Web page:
Anyone who has seen Jayce Johnson in action on a basketball court or football field knows he's blessed with unquestioned height and athleticism.
But there will be a time when the 6-foot-5, 205-pound Canisius High School graduate is simply enjoying living life to the fullest and not playing sports.
That's one of the reasons the former Division I football-commit to Wagner is now preparing for life as a Division I basketball player at Middle Tennessee State. The rigors associated with playing basketball figure to be easier on the body than football.
"You're going to have your body longer in life than the span of playing any sport so that definitely factored into the decision (to switch sports)," Johnson said. "I spent a lot of time talking to a lot of people (regarding) what I was going to do, but I definitely feel I made the right decision."
Johnson, an All-Western New York third-team selection at quarterback and point guard as a senior, announced last Friday he will continue his student-athlete career at Middle Tennessee State.
Johnson averaged 12.6 points, 6.1 rebounds and 3.4 assists per game last season for a Canisius team that finished 23-3, ranked third in the state among Class A teams. He played a key role in the Crusaders winning two Manhattan Cup championships and one state Catholic title (2016) the past three years.
In football, he quarterbacked the Crusaders to back-to-back Monsignor Martin titles, a state championship (2016) and a state runner-up finish (2017). In the 2016 state final, he completed 18-of-21 passes for 287 yards and five touchdowns to earn game MVP honors. Last season, he passed for 1,764 yards and 18 touchdowns and rushed for a team-best 713 yards and 15 TDs.
Johnson is believed to be the first Western New York male to receive a Division I offer in football and basketball since former Turner/Carroll standout Malik Campbell during the mid-1990s, according to Johnson's AAU basketball coach Ty Parker.
Campbell received an offer for football from Maryland and later an offer from Syracuse for basketball. He played two seasons of hoops at Syracuse before switching sports and playing three seasons of football with the Orange.
"Jayce, he's a special talent," Parker said. "He has that God-given ability. … Football was the only offer he had (on National Signing Day) … He works hard at his craft. He opened up doors for himself and gave himself options."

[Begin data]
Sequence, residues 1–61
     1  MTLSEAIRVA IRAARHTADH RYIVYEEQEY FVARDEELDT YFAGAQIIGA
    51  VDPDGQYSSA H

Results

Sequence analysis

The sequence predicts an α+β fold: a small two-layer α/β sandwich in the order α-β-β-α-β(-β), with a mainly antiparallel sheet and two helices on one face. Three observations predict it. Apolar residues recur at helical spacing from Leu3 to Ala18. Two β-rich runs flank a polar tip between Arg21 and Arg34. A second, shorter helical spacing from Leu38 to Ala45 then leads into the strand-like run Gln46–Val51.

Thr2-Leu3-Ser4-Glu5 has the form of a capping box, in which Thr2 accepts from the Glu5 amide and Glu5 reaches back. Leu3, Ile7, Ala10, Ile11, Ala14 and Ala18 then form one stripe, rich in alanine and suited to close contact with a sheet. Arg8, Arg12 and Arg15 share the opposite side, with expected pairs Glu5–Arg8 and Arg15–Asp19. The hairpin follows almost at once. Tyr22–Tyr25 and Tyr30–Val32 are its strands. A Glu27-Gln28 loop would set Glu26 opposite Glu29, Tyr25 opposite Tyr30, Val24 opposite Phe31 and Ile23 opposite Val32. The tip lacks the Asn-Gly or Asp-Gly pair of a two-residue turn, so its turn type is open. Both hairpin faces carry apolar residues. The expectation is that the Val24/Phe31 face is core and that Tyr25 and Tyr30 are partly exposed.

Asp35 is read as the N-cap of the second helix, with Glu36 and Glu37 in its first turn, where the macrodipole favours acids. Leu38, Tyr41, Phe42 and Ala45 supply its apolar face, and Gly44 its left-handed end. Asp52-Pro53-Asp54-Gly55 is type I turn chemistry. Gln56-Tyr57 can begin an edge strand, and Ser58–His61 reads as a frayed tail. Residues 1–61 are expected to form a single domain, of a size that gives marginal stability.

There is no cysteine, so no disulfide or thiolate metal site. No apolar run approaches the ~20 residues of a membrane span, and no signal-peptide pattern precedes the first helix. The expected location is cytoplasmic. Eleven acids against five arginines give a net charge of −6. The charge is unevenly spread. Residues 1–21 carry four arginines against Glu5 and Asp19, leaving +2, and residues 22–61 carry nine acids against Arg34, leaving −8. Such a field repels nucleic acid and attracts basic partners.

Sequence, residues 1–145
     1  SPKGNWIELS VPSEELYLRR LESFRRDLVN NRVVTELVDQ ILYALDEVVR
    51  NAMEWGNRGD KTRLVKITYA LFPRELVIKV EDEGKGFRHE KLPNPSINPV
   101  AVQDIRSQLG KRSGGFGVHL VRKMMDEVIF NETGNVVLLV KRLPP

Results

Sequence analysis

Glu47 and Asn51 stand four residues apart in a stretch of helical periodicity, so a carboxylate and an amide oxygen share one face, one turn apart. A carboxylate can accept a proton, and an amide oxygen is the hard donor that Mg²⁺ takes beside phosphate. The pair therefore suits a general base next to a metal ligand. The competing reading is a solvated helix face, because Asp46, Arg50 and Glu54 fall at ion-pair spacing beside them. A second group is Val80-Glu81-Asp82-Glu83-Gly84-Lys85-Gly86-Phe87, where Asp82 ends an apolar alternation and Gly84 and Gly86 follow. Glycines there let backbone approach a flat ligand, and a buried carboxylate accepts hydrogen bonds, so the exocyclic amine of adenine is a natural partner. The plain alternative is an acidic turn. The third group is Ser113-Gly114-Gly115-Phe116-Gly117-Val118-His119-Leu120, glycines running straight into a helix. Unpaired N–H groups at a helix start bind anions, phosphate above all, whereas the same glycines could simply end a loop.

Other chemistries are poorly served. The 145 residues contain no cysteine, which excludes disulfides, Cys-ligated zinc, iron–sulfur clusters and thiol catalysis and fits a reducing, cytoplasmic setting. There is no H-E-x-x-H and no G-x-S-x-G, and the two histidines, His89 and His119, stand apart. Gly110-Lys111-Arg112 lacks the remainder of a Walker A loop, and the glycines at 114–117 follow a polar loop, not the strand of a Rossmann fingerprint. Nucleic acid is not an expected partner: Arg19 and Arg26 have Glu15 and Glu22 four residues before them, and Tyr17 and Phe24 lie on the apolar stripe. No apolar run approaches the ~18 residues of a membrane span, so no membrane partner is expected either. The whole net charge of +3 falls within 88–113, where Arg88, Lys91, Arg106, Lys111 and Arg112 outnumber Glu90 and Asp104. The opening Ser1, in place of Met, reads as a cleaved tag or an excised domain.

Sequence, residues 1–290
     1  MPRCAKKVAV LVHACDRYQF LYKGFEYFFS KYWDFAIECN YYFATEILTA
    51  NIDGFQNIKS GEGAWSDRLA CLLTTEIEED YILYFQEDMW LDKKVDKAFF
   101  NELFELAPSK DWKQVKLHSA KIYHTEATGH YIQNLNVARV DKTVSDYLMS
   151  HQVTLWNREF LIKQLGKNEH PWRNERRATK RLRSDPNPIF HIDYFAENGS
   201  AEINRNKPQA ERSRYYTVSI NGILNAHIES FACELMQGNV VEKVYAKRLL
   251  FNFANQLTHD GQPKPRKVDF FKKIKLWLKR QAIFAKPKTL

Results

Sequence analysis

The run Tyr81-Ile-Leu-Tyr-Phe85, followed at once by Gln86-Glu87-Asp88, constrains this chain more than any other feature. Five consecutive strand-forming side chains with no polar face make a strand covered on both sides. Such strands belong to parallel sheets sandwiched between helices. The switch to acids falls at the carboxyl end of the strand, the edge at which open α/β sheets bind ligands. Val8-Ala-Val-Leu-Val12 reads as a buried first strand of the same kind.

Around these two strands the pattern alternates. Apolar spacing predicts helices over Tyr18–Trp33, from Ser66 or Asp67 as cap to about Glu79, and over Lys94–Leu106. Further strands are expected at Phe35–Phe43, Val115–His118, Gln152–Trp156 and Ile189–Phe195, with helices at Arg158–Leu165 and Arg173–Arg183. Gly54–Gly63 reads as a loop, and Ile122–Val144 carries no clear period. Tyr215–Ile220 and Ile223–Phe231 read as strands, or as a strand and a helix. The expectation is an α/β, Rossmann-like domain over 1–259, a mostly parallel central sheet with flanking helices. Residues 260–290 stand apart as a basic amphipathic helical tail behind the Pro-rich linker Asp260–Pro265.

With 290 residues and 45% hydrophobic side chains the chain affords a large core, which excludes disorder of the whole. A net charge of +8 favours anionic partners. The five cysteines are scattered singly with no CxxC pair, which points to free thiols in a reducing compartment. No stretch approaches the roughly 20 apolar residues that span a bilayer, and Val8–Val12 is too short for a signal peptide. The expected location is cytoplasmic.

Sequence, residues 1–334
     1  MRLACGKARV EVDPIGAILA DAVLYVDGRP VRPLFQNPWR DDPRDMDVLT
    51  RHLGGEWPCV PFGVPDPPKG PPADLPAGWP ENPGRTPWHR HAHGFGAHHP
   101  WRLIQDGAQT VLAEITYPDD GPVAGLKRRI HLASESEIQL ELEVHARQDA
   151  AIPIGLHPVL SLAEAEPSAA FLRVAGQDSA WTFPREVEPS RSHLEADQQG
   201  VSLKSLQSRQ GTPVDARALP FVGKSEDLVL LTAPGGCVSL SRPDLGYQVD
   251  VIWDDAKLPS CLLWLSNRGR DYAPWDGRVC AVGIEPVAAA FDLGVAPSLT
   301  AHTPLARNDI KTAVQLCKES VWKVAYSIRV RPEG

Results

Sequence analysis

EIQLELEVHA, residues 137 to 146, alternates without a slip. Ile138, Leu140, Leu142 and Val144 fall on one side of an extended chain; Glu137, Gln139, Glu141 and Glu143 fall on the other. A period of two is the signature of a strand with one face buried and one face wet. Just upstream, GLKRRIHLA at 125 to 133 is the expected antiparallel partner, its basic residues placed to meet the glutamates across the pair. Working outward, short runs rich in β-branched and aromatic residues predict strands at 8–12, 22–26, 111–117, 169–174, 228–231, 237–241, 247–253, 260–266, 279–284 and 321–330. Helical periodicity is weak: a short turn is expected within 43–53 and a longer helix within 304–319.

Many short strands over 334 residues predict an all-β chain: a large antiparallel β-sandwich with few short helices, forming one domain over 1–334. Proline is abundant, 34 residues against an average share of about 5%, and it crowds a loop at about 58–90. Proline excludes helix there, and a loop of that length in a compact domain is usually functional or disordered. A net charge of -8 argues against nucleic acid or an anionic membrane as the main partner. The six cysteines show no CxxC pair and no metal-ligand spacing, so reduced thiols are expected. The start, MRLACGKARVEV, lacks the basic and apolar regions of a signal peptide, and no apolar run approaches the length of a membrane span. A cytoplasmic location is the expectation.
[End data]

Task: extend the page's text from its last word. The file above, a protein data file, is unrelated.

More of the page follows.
Though Johnson had already inked his letter of intent to attend Wagner on a football scholarship last February, he opted to play basketball in May with the local-based AAU team Corey Graham Elite with a goal of catching the eye of a Division I suitor.
He likes basketball more and didn't want to give up on that Division I dream.
"Jayce did an unbelievable job for four years being a great two-sport athlete," Canisius basketball coach Kyle Husband said. "I always chose to believe his upside in basketball was higher and that his love for the game in basketball was second to none."
On July 13, about a month after receiving his release from Wagner, Johnson captured his first basketball offer, from Canisius for 2019. Four days later, Middle Tennessee State called with an offer to join the program this year.
"I definitely was looking forward to going to prep school, but when I was given a chance to go (to college) this year (prep school) didn't make sense," Johnson said.
That's because Johnson already has established a relationship with MTS coach Nick McDevitt and his staff. Since they wanted him immediately, why risk rocking the boat. Johnson expects to compete for playing time right away.
"Basketball is what I wanted to do," he said. "It's a thrill. I get to play both sides of the ball. It's a faster game."
After thriving in two sports, Johnson now gets to focus on just basketball. A slick ball-handler with the ability to get to the rim off the dribble, Johnson is perhaps best known for being one of the top defenders in the area during his three seasons at Canisius. It was commonplace to see Johnson with a grin on his face when playing lock-down defense on another team's top player.
Johnson is looking forward to being able to devote more time toward honing his skills in one sport instead of splitting his time between two.
"To put the time in one sport would definitely raise my ceiling so I could hit my true potential," Johnson said. "Now that I can do that only time will tell how good I could become."
"People are going to see his true abilities in basketball," Husband said. "The sky is the limit."